A typical war has a large impact on demographics. People die, mostly men. Fewer people are born, because men a missing, both because they are on the battlefield or, as mentioned, dead. At the end of the war, fertility shoots up to catch up for "missed opportunities", and we get baby booms. Well that is the conventional wisdom, and it is not necessarily right. For example, there is some evidence, discussed here before, that the baby boom after World War II was not about the men returning home and catching up on baby making. And one could also challenge the idea that fertility drops during the war because of the absence of men.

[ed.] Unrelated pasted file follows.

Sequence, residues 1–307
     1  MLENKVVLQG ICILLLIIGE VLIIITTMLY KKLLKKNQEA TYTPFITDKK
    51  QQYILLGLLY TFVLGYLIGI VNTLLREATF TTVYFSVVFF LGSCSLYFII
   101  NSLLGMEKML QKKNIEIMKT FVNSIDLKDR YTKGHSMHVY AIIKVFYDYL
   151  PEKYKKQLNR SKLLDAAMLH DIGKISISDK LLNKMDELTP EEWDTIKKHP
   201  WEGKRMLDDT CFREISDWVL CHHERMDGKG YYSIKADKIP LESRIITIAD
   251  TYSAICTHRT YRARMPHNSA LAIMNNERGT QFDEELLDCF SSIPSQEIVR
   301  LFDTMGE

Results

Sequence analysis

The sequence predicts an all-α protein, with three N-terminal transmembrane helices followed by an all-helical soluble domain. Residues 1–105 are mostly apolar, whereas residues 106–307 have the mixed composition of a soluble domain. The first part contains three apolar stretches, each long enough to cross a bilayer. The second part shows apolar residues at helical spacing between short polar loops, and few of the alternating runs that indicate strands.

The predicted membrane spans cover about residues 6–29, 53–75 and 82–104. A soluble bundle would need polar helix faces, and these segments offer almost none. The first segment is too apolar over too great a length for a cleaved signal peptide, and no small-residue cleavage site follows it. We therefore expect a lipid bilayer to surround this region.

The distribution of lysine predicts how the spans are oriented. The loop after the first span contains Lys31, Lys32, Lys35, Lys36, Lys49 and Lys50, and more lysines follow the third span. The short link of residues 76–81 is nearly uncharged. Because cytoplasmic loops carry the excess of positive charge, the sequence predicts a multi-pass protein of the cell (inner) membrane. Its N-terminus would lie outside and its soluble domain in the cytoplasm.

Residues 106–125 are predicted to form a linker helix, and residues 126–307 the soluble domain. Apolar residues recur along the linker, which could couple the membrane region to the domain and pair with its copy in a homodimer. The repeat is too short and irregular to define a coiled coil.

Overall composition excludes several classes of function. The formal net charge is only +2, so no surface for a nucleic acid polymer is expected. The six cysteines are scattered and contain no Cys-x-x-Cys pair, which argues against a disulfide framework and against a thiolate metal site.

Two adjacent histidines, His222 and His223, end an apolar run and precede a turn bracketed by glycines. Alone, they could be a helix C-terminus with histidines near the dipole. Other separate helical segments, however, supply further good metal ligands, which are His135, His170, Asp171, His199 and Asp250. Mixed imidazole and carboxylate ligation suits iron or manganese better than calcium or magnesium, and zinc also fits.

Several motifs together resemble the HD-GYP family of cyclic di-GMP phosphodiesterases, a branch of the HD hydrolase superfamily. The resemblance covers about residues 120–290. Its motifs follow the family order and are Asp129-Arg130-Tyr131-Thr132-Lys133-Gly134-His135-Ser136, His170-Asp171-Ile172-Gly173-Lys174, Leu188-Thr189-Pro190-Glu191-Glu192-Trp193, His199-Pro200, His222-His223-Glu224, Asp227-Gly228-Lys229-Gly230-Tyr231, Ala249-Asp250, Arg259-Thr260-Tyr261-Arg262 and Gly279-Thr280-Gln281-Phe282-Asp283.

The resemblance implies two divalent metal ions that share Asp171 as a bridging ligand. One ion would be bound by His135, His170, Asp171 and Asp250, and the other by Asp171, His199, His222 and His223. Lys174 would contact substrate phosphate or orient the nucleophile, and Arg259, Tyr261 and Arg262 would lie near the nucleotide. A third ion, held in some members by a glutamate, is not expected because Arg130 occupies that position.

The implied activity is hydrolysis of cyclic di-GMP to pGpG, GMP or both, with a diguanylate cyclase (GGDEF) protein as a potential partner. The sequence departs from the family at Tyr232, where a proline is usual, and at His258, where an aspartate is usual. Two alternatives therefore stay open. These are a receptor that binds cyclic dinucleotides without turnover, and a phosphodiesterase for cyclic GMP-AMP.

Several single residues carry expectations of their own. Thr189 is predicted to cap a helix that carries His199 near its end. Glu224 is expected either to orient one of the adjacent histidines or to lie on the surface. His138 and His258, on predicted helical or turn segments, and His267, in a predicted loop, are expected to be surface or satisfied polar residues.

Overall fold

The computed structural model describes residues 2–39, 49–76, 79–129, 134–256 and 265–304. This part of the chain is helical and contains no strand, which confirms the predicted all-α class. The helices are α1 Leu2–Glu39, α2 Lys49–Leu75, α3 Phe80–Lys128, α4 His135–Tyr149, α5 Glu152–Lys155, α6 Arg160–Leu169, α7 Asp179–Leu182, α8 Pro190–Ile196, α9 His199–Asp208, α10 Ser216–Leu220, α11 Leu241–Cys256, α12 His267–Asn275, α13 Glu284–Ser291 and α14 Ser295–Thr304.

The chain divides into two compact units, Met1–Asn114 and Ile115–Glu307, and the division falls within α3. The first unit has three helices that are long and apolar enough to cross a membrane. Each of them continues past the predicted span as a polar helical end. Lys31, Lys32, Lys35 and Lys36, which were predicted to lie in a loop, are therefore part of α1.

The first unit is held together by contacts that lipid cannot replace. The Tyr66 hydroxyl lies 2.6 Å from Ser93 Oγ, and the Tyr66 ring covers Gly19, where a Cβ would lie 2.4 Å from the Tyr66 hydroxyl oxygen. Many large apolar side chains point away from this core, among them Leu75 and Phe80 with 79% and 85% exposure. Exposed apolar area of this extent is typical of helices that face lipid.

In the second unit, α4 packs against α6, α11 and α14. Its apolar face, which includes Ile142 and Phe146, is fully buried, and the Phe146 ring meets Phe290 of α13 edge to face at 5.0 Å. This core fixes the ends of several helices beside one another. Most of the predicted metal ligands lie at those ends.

Guillaume Vandenbroucke does this for World War I in France. he draws a model of fertility choice where couples factor in that the potential father may die in war. Of course, this reduces fertility, but the question is how much. To get an answer, the model is carefully calibrated to pre-war fertility, mortality and income figures. Then 97% of the drop in fertility is explained by expectations. Of course, this assumes that the French correctly predicted the probability of death. Given that this war lasted much longer than expected and introduced killing technologies of never-seen-before efficacy, I doubt this is a correct assessment of the expectations at the time.